The President of the United States of America, Barack Obama, will make a State Visit to Brazil on March 19 and 20, accompanied by his wife, Michelle Obama, and his two daughters. The presidential delegation will also comprise, among other authorities, the National Security Adviser, Thomas Donilon; the Secretary of the Treasury, Timothy Geithner; the Administrator of the Environmental Protection Agency, Lisa Jackson; the Secretary of Commerce, Gary Locke; the Trade Representative, Ron Kirk; the White House Chief of Staff, William Dalley; the Deputy National Security Advisor for International Economic Affairs, Michael Froman; and the President of the Eximbank, Fred Hochberg.
In Brasília, the US President will hold working meetings with President Dilma Roussef, when they will address affairs of mutual interest in the bilateral, regional and global agendas, with particular attention to cooperation on reciprocal trade and investment, energy, environment, science, technology and innovation, education, among others.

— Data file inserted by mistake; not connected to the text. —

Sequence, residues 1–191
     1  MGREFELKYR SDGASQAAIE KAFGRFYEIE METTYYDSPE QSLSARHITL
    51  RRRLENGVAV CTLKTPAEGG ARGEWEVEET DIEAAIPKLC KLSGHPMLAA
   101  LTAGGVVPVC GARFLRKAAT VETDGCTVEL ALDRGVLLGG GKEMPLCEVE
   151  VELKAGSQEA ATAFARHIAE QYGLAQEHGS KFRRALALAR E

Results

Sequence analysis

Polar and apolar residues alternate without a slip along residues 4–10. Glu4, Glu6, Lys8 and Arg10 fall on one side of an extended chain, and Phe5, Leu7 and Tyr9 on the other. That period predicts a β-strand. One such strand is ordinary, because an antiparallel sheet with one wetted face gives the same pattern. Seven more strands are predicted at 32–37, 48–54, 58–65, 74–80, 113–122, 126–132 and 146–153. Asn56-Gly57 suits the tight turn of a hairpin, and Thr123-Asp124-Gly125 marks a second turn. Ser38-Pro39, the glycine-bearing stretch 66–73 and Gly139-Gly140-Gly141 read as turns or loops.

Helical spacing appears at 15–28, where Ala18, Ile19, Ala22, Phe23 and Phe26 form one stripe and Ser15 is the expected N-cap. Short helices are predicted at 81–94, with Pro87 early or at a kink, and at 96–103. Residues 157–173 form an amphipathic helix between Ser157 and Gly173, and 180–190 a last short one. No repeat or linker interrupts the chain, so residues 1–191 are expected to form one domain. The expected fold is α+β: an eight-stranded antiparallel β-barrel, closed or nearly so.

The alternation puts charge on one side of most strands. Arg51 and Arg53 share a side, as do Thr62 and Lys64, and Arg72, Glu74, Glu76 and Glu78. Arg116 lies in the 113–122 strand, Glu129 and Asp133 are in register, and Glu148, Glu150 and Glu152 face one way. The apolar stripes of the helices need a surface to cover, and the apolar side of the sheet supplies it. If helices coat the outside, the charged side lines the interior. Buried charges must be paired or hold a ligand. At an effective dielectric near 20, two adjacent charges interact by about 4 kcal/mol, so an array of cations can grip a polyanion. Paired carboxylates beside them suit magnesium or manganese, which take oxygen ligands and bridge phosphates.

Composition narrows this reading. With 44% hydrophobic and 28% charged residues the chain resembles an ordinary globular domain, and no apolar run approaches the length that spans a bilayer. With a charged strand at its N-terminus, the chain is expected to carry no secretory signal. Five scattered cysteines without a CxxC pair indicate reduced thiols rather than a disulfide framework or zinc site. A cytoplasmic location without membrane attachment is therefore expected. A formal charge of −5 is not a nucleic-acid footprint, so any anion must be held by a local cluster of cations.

The visit is part of President Barack Obama’s first travel to South America, on a tour that also includes stops in Chile, first, and in El Salvador, afterwards.
The United States are the largest foreign investor in Brazil, the second largest importer of Brazilian products and Brazil’s second largest trading partner, with a flow that exceeded US$ 46 billion in 2010. Between 2009 and 2010, Brazilian exports to the American market rose by 26.21%, from US$ 15.6 billion to US$ 19.3 billion. The Brazilian market, in turn, has grown in importance to the USA, having become the 8th top destination for US exports.